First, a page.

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Design and Receptor Interactions of Obligate Dimeric Mutant of Chemokine Monocyte Chemoattractant Protein-1 (MCP-1)*

Open AccessPublished:March 06, 2012DOI:https://doi.org/10.1074/jbc.M111.334201
      Chemokine-receptor interactions regulate leukocyte trafficking during inflammation. CC chemokines exist in equilibrium between monomeric and dimeric forms. Although the monomers can activate chemokine receptors, dimerization is required for leukocyte recruitment in vivo, and it remains controversial whether dimeric CC chemokines can bind and activate their receptors. We have developed an obligate dimeric mutant of the chemokine monocyte chemoattractant protein-1 (MCP-1) by substituting Thr10 at the dimer interface with Cys. Biophysical analysis showed that MCP-1(T10C) forms a covalent dimer with similar structure to the wild type MCP-1 dimer. Initial cell-based assays indicated that MCP-1(T10C) could activate chemokine receptor CCR2 with potency reduced 1 to 2 orders of magnitude relative to wild type MCP-1. However, analysis of size exclusion chromatography fractions demonstrated that the observed activity was due to a small proportion of MCP-1(T10C) being monomeric and highly potent, whereas the majority dimeric form could neither bind nor activate CCR2 at concentrations up to 1 μm. These observations help to reconcile previous conflicting results and indicate that dimeric CC chemokines do not bind to their receptors with affinities approaching those of the corresponding monomeric chemokines.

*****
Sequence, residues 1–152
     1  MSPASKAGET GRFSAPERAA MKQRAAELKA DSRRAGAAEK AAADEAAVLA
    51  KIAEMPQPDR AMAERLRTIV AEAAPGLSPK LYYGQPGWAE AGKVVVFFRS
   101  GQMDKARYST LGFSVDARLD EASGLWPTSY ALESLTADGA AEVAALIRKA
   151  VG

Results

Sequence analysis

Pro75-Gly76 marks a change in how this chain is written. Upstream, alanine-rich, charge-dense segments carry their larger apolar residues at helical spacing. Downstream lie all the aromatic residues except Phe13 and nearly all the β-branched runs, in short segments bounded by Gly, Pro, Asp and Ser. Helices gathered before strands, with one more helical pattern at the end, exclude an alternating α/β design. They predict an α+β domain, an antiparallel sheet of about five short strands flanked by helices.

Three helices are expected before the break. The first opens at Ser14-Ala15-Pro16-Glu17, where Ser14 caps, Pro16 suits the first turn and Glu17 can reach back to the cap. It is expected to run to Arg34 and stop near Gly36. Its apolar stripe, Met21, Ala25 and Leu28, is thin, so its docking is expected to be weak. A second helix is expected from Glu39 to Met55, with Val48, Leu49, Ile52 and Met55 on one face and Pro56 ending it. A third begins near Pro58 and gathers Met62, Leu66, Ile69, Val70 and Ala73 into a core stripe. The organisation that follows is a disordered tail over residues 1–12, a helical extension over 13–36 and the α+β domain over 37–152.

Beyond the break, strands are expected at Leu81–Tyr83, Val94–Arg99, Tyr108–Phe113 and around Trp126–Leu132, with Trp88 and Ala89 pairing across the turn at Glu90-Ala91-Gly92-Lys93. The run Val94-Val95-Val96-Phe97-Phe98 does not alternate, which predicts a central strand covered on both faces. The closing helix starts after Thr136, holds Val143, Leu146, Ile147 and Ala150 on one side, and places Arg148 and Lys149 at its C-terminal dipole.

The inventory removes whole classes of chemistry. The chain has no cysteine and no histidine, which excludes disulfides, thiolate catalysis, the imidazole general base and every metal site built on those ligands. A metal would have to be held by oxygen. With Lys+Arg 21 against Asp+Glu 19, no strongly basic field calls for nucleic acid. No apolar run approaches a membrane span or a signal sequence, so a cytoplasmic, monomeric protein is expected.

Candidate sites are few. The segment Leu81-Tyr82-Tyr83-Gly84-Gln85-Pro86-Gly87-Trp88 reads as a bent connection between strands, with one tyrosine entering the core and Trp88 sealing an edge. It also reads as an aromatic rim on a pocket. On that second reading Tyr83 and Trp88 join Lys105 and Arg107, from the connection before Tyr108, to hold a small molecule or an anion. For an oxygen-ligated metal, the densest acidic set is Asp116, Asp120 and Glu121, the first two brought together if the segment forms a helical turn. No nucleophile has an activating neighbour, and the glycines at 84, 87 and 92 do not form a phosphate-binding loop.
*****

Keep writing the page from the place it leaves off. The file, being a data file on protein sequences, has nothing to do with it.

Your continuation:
Introduction

      A hallmark of the immune system is its ability to recruit large numbers of leukocytes to sites of infection or injury. This recruitment is mediated by a group of ∼50 small, secreted proteins called chemokines, which act as chemoattractant signals to direct leukocyte migration. Chemokine function is mediated by high affinity interactions with seven-transmembrane G protein-coupled receptors on leukocyte membranes. During inflammatory responses, the array of leukocytes recruited is dependent on the chemokines expressed in the inflamed tissue, the selectivity of those chemokines for chemokine receptors, and the expression of those receptors on various types of leukocytes (
      • Lau E.K.
      • Allen S.
      • Hsu A.R.
      • Handel T.M.
      Chemokine receptor interactions. GPCRs, glycosaminoglycans, and viral chemokine-binding proteins.
      ).
      Chemokines are classified into two major families (CC and CXC) and two minor families (C and CX3C), depending on the spacing of conserved cysteine residues near the protein N terminus. The monomer structure of all chemokines is highly conserved, consisting of a disordered N terminus, an irregularly structured loop (N-loop) ending with a turn of a 310-helix, a three-stranded antiparallel β-sheet, and a C-terminal α-helix (
      • Lodi P.J.
      • Garrett D.S.
      • Kuszewski J.
      • Tsang M.L.
      • Weatherbee J.A.
      • Leonard W.J.
      • Gronenborn A.M.
      • Clore G.M.